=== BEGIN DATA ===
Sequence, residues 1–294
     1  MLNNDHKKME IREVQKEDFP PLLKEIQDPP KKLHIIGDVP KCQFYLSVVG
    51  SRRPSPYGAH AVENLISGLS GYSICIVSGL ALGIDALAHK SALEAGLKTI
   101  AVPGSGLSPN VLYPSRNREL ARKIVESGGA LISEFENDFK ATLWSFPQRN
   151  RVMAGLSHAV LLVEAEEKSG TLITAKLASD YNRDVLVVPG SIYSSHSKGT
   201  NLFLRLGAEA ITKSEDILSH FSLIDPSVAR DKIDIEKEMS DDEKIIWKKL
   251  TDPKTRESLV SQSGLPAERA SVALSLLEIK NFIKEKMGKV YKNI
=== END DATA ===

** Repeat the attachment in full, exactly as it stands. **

Sequence, residues 1–294
     1  MLNNDHKKME IREVQKEDFP PLLKEIQDPP KKLHIIGDVP KCQFYLSVVG
    51  SRRPSPYGAH AVENLISGLS GYSICIVSGL ALGIDALAHK SALEAGLKTI
   101  AVPGSGLSPN VLYPSRNREL ARKIVESGGA LISEFENDFK ATLWSFPQRN
   151  RVMAGLSHAV LLVEAEEKSG TLITAKLASD YNRDVLVVPG SIYSSHSKGT
   201  NLFLRLGAEA ITKSEDILSH FSLIDPSVAR DKIDIEKEMS DDEKIIWKKL
   251  TDPKTRESLV SQSGLPAERA SVALSLLEIK NFIKEKMGKV YKNI